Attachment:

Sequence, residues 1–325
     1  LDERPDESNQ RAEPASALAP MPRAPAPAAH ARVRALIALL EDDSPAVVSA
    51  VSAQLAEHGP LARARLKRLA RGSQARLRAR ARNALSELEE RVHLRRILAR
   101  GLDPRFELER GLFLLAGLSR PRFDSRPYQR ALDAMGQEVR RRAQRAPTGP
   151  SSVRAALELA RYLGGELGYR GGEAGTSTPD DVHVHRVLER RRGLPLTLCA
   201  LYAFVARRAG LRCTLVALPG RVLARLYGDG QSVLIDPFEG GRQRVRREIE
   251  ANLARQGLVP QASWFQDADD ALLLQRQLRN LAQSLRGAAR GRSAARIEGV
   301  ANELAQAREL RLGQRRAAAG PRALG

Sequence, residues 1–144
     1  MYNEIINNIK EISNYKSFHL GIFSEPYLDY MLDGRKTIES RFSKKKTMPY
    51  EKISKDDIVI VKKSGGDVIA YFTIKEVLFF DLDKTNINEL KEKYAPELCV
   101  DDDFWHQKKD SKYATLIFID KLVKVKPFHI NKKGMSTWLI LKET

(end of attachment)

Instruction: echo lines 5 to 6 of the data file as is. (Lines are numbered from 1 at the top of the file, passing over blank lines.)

   151  SSVRAALELA RYLGGELGYR GGEAGTSTPD DVHVHRVLER RRGLPLTLCA
   201  LYAFVARRAG LRCTLVALPG RVLARLYGDG QSVLIDPFEG GRQRVRREIE